Retirees age 55-64 face greatest barriers to filling prescriptions

By Sheryl Smolkin

If you haven’t seriously thought about the possible impact of health care costs on your retirement budget and lifestyle, you may find recent research from the University of British Columbia as disturbing as I did.

The study reveals that one in 12 Canadians age 55 and older skipped prescriptions due to cost in 2014, the second-highest rate among comparable countries. The ten years before provincial drug plans kick in for most seniors at age 65 is the period of time when the highest percentage of older people can’t afford the drugs they need to stay healthy.

In order to “stretch” their drugs some people skip doses, while others may split pills or try to manage their conditions without drugs. “When patients stop filling their prescriptions, their conditions get worse and they often end up in hospital requiring more care which in the long run costs us more money,” says Steve Morgan, senior author of the study and professor in UBC’s school of population and public health.

The research draws on the 2014 Commonwealth Fund International Health Policy Survey of Older Adults (persons aged 55 years or older) in 11 high-income countries: Australia, Canada, France, Germany, the Netherlands, New Zealand, Norway, Sweden, Switzerland, the United Kingdom, and the United States. Among countries with publicly-funded health-care systems, Canada is the only one without coverage for prescription medications.

In an analysis of survey responses from all 11 countries, the researchers found that Canada had the second-highest prevalence of skipped prescriptions due to cost, at
8.3%.  Access was worse only in the United States, where 16.8% of respondents reported such financial barriers to filling prescriptions. In contrast, fewer than 4% of the populations in most other comparable countries reported skipping prescriptions due to cost.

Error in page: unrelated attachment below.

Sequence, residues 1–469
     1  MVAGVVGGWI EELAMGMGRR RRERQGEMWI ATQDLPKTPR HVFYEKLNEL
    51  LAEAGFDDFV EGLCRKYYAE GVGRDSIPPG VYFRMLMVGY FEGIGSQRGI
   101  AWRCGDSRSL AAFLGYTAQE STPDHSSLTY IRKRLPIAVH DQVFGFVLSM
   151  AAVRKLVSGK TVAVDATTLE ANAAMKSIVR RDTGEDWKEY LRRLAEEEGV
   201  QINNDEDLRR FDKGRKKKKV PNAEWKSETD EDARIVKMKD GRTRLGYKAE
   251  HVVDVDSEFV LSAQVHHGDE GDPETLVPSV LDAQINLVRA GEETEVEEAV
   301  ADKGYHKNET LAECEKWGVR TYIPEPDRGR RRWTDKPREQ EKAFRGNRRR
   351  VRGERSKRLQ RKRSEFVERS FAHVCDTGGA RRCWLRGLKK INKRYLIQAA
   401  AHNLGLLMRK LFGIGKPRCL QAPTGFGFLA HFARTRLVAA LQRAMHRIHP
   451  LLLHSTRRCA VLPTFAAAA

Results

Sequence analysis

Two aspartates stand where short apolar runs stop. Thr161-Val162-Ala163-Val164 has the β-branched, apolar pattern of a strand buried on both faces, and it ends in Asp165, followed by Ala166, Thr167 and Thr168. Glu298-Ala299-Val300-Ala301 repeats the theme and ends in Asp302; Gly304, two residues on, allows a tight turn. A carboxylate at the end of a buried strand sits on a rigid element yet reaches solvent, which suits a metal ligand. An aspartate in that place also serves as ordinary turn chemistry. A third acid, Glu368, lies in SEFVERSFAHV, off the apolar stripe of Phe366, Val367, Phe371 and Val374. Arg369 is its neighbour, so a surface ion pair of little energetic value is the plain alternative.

In a separate analysis of the Canadian survey responses, researchers found that Canadians aged 55 to 64 face the greatest barriers to filling their prescriptions. One in eight Canadians aged 55 to 64 reported that they did not fill prescriptions because of cost in 2014, in comparison to one in 20 Canadians aged 65 and older – who, by way of age, qualify for comprehensive public drug coverage in many provinces.

Morgan points to gaps in drug coverage available to Canadians as a problem. Unlike other countries with universal public health care, public drug plans in Canada generally only cover select groups, such as social assistance recipients and people over age 65. Other Canadians may receive drug coverage from private insurance through their workplaces or none at all.

The survey found that Canadians who did not have insurance were twice as likely to report not filling prescriptions because of cost. It also showed that low-income Canadians were three times more likely to report financial barriers to filling prescription medicines than high-income respondents.

Morgan said the 2014 findings were consistent with studies that date back a decade, indicating affordability of prescription drugs is still a public health issue in Canada.

“Our problem hasn’t gone away. Financial barriers to prescription drugs are still high, both in absolute terms and relative to our peer countries.”

The research was described in two studies published in BMJ Open and CMAJ Open.

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